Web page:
It was the prominently-placed "George Clooney on Keeping America Free" on the masthead of a glossy magazine that arrived in my mailbox recently which drove me to sigh and promptly insert said glossy into the wastebasket. For Keeping America Free is not a subject that I have any interest in hearing from George Clooney about.

But it is refreshing to come across a celebrity who uses his position responsibly and takes the time to study and think about issues that matter. Someone who uses his immense platform not to throw random, knee-jerk barbs and insults at world leaders and institutions or to demand policies that are completely untenable (sometimes outright asinine).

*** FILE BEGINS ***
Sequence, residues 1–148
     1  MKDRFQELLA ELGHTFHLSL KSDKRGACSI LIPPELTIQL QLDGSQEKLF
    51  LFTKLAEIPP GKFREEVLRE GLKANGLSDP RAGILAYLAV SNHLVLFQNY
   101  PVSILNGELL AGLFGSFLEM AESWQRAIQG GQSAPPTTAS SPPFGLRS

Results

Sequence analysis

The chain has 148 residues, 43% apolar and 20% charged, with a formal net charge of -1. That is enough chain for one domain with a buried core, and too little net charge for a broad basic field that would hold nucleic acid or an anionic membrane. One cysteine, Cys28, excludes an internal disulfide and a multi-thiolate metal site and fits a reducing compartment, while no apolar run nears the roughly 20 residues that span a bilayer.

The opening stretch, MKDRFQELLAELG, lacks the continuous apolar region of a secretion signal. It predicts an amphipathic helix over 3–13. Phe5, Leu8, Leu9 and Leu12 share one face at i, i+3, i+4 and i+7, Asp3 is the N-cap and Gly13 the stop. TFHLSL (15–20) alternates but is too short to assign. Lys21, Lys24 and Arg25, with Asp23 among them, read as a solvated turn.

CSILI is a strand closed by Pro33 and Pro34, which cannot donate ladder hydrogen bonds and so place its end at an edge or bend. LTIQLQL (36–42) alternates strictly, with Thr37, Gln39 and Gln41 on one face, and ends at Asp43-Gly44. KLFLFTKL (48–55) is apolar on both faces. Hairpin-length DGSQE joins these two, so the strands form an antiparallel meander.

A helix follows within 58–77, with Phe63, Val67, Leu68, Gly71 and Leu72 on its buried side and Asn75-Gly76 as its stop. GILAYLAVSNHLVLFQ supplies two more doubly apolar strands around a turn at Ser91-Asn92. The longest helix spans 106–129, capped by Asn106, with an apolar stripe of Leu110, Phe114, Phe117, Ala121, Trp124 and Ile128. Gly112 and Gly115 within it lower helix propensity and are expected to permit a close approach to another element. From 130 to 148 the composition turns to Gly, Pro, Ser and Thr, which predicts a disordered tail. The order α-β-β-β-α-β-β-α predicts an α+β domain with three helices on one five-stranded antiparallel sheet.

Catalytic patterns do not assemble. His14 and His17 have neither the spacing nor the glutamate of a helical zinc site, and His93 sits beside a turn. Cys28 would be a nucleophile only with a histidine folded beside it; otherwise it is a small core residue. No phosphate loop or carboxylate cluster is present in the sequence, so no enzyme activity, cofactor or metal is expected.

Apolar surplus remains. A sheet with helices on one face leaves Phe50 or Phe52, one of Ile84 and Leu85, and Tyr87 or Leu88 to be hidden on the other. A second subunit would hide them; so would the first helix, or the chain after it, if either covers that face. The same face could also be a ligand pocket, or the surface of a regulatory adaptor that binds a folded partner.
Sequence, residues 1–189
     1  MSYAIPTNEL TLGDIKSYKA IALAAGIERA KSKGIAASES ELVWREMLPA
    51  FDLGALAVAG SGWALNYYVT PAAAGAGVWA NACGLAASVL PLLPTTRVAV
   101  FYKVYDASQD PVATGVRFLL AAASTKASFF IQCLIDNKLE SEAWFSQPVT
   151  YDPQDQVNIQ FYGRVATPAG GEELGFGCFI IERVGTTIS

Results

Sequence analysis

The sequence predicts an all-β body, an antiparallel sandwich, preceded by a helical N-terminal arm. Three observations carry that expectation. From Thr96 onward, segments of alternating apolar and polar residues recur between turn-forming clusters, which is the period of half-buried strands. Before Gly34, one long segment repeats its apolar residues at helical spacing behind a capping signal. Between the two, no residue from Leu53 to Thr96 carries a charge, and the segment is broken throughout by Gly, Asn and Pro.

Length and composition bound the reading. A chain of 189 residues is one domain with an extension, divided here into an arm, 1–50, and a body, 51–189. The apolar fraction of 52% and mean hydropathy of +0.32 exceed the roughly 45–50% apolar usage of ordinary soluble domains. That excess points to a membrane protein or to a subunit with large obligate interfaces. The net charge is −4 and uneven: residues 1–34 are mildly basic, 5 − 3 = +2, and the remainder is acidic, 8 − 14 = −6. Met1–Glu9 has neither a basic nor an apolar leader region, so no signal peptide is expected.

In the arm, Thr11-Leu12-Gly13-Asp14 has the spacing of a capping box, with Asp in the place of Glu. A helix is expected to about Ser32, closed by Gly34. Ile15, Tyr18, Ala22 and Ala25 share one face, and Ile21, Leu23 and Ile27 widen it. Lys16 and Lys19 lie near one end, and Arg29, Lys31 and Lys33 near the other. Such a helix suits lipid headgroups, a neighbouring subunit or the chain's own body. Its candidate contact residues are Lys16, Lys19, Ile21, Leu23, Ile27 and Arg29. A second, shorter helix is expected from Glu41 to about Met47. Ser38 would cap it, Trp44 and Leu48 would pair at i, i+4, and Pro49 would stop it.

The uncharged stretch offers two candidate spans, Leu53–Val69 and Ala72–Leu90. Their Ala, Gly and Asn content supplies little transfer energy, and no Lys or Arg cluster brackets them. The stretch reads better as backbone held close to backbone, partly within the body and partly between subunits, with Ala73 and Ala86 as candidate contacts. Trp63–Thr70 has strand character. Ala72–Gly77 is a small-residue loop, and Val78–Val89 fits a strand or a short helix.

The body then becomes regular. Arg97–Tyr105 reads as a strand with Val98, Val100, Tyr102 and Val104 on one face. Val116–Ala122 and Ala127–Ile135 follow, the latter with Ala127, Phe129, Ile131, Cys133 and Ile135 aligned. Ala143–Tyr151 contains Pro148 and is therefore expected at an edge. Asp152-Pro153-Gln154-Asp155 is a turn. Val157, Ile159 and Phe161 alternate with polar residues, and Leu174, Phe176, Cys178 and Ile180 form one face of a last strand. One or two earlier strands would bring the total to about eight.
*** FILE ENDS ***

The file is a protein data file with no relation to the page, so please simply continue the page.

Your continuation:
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Joe Wilson, Great American

By on 10.20.05 | 11:07AM

Joe Wilson, that rock-ribbed patriot, declaimed himself yesterday to the San Francisco crowd as uninterested in running for public office. In remarks published by "," Wilson is quoted as saying he was too much a true child of the 1960s to be elected and had "too many wives and taken too many drugs. And, yes, I did inhale." This, from the man chosen by the CIA -- not the White House -- to go to Niger on a secret mission to investigate intelligence on WMD. Were the Plame Name Blame Game not so serious, it would be hilarious. If anyone still working at the CIA was responsible for hiring Wilson for the Niger mission, and in that I'd include le femme Valerie, they should be fired forthwith.

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More on Cohen and Roe

By on 10.20.05 | 10:55AM